Wednesday 1 June 2022

Socks on Britain's Got Talent - where were they?

 So, whatever became of the Scottish Falsetto Sock Puppet Theatre’s appearance on Britain’s Got Talent? A good question. Let me tell you all about it…

At the end of last year I got a call from researchers at BGT who wanted the Socks to appear on the show. We said yes, and were lined up to do an audition appearance, on the stage of the London Palladium, in January 2022. All very exciting, this sort of thing can really boost an act’s career, so we’re told.

I suggested lots of material we could do in our 3 minute slot, from our ‘Magic/ Sawing A Sock In Half’ routine, to our rendition of Star Wars. I’d definitely aim for the Socks to do, as they do on stage, some of their best short gags to engage the audience, and some of their most visual stuff to make the most of that short slot.

The team at Thames, though, had their heart set on a routine they’d found us doing online, the Post Codes routine. The clip they had found was us doing it on BBC3’s Comedy Shuffle way back in 2008. It’s not my favourite routine, and indeed we’ve not had it in the show for over 10 years, but they were dead set on it. So I figured, if we front-load the set with good gags and interaction, we can get into this routine which, in common comedy parlance you “wouldn’t open with”.

So we did an audition video, showing exactly, to the word, what we were going to perform. We opened with a bar of “I’m A Sock” as we’d done on Comedy Shuffle, cutting ourselves short after the word “cock”. Obviously this wasn’t going to work on a primetime family show (neither would the line “shit, he’s got a guitar”). They wouldn’t even allow us to stop a beat earlier with “you wear me on your foot, not on your-“ because even the suggestion of cock is unacceptable on ITV.

So we opened with two lines that weren’t as funny as the bits if they have the words in that make you laugh, then we were to go into the Postcodes routine, which opens with “I have to do this now, I have a disorder - Obsessive Compulsive Postal Order”). No. That had to go, you can’t allude to disorders on primetime ITV. So, instead we were to go straight into the routine, effectively opening with material you’d never open with. But this was what they wanted and I figured the Socks, who in all our recent shows have very much been on a roll, could carry it off. We usually get laughs as soon as our sock heads pop up on the screen, after all.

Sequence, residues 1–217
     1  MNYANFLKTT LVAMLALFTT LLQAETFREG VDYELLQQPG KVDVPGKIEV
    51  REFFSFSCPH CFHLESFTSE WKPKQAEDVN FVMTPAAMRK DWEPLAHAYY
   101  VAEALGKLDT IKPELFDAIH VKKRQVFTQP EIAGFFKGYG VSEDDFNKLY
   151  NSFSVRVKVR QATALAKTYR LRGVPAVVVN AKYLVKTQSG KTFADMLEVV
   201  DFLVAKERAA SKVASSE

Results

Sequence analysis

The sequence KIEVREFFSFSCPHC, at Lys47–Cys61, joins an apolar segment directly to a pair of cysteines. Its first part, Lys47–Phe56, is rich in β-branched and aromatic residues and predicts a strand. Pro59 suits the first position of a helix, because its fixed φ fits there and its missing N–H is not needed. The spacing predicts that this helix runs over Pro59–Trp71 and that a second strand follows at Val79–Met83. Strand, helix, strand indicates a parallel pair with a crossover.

So we went to London for the big day in January, and during the day, at the hotel where all the other acts hang out, I sat behind my Socks set, the Socks popping out to do interviews, two-handers with other acts, and pieces to camera, every single one of which we nailed. I know I would say this, but everything we recorded in the daytime was comedy gold, we were on form. We were getting laughs from the crew, which is always a good sign. I was confident that, however our time on stage went, those bits would look good in the edit.

After many long hours, I was driven to the London Palladium and we set up ready to perform. The techs were really efficient, particularly the sound tech who had my music cue all ready, so that as soon as we started speaking, she knew the exact line we’d say and she’d play in our “I’m A Sock” music and off we’d go.

Then the Socks set was carried to the stage, the curtain lowered, and I get into position behind it ready to perform. Just before the curtain is lifted, a floor manager speaks to me and says “so, when the curtain goes up you’ll chat to the judges?” and I say that, no, we’ve haven’t prepared for that cos the sound tech is going to play my music in as soon as I speak, and suddenly we’re on.

The curtain rises and the Socks begin. And as we start I’m already kicking myself cos we should have spoken to the judges. Ad-libbing is what we do,  that would have been a good and funny thing. It’s what we’d been doing successfully to camera all day. But we’d realised too late that there was chance for that. So the Socks begin their routine, with the two lines that have had their funny words removed, and the song that doesn’t really serve any point, and into the routine which, coming into it cold, is a bit hard to understand what they're on about. But we start to get some laughs, not many, but a few.

Then a buzzer goes. So the Socks stop.